Kashmir unrest: Arrests of Khurram Parvez et al show state's misuse of Public Safety Act
The Jammu and Kashmir government has made a series of arrests under the draconian Public Safety Act (PSA) to quell the ongoing protests in the valley
The Jammu and Kashmir government has made a series of arrests under the draconian Public Safety Act (PSA) to quell the ongoing protests in the valley and those, who have been detained without trail, include a psychiatric patient, an aid worker, and a human rights activist.
According to sources, more than 250 people, including separatist leaders and stone pelters, have been detained under what Amnesty International termed a “lawless law”, under which a person can be detained without a trial for at least six months.
Earlier in the month, the government slapped the PSA on 32-year-old psychiatric patient, Riyaz Ahmad Dar, for being a “chronic stone pelter” and for participating in all the “Challo calls” given by the separatists groups, after the death of militant commander Burhan Muzaffar Wani on 8 July, according to a dossier prepared by police.
Dar, a Bachelor in Arts from Amar Singh College in Srinagar and father of two infant children, has been going through treatment at the Government Psychiatric Diseases Hospital for the last ten years. Medical records seen by Firstpost and the patient profile file number in the hospital describes Dar as “a known patient of a major depressive disorder from last ten years”.
However, despite Dar's family producing medical records to ascertain his innocence, the Kashmir police still went ahead and arrested the alleged accused and slapped the PSA on him.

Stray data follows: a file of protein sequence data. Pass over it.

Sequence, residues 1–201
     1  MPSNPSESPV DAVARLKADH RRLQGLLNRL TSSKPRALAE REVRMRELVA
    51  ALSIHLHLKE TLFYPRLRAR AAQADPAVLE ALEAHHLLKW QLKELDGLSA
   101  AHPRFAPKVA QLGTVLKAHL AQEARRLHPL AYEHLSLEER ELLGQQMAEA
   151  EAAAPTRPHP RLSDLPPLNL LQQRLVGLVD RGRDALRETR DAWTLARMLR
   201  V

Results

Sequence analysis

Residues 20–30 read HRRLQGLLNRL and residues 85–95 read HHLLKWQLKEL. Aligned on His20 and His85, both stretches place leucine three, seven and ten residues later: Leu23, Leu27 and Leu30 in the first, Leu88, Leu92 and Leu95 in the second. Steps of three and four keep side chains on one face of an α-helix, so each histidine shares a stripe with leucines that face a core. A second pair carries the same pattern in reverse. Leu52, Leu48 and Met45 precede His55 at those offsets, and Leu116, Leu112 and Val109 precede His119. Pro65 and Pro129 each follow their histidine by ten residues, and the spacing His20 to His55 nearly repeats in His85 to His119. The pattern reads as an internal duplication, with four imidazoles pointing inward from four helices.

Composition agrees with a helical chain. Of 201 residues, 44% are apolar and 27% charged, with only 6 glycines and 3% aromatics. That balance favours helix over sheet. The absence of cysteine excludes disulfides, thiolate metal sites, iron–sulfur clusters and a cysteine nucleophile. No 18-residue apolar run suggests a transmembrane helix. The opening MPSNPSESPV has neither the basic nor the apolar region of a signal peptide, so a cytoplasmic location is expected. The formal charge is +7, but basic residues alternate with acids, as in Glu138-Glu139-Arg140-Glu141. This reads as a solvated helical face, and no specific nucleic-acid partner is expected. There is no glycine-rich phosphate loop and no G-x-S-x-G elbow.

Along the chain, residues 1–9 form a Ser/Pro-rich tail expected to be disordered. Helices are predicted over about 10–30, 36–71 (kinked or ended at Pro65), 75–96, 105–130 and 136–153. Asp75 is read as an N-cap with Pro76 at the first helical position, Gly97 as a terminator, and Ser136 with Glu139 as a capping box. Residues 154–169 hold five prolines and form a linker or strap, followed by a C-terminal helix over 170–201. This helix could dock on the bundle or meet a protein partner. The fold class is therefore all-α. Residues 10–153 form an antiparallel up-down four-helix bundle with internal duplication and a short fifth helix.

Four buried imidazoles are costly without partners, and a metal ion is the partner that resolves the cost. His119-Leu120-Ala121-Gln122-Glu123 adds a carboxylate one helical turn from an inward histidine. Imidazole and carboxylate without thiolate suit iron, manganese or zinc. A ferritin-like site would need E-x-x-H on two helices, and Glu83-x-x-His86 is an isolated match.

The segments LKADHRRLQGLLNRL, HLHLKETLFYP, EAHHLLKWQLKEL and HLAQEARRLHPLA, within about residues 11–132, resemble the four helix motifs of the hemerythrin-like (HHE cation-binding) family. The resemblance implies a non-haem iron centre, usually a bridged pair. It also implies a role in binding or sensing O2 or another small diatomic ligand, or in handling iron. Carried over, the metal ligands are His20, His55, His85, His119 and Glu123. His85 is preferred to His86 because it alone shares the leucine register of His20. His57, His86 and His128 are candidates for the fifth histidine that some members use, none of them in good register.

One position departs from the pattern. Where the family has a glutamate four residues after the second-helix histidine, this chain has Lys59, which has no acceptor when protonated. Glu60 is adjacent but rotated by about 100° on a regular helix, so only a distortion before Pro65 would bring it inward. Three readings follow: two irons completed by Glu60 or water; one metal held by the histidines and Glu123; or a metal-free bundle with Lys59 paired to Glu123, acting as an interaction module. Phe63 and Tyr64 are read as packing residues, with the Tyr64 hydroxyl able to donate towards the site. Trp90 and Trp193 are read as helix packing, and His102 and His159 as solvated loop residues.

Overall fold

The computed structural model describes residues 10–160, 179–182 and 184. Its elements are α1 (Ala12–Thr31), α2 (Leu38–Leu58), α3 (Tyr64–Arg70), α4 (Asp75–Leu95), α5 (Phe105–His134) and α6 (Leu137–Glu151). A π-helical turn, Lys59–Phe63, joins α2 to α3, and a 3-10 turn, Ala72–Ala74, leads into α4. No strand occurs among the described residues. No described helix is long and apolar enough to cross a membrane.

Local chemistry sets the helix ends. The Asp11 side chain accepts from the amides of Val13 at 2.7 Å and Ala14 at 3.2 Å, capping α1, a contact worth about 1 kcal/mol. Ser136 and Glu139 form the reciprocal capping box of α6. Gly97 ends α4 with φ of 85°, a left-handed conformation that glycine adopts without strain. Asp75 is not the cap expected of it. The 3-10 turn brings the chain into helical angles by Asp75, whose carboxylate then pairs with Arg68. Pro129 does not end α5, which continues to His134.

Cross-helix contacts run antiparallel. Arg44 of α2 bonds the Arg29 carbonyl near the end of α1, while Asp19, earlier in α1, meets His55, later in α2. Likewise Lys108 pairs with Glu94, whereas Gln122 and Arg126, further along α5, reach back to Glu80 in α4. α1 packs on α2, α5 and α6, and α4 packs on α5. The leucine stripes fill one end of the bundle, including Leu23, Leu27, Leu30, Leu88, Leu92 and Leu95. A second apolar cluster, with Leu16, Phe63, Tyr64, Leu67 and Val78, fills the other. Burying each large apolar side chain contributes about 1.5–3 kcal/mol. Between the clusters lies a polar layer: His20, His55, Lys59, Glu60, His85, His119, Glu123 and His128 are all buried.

“His condition in the jail will deteriorate because he needs constant medication, it is long legal battle and proving his innocence will be expensive,” Maimoona, Dar’s, wife told Firstpost. The police denied commenting on this particular case.
CPM MLA from south Kashmir’s Kulgam district, Mohammed Yousuf Tarigami, told Firstpost that such draconian laws were causing the victimisation of youths by alienating and creating resentment among the successive generations of Kashmiri youth. In most of the cases, Tarigami said, the Act was slapped on youth without “grounds being substantive and valid.”
“Slapping a PSA is unnecessary, should be stopped and harassment of the people should be put to an end. This will do no good,” Tarigami, told Firstpost.
Towards the end of August, Hassan Babar Nehru, head of the NGO Ababeel and a lawyer based in the mountains region of Doda in Jammu, was arrested and booked under the PSA. A fierce critic of present the state administration he had, according to his colleague, “exposed” lapses of the district administration by protesting outside Deputy Commissioners office against non-implementation of decisions taken for welfare of the people of the district. “It is an act of vengeance of the administration, nothing else,” Syed Asim Hashmi, president, Doda Bar Association, told Firstpost.
Those who know Nehru, describe him as a passionate aid worker who slept in a truck for five days during the relief carried out in the initial days of 2014 floods in Kashmir. And most recently, he had been involved in evacuating victims of traffic accidents, Doda had the highest rate of road accidents in entire Jammu and Kashmir.
The dossier prepared by the DC against Nehru does not mention current Kashmir unrest anywhere and Shanaza, Nehru’s wife, says he has been even blamed for leading a procession in connection with death of an infant at District Hospital and “communising the situation”. It is another matter that the state government for dereliction of duty suspended the doctor.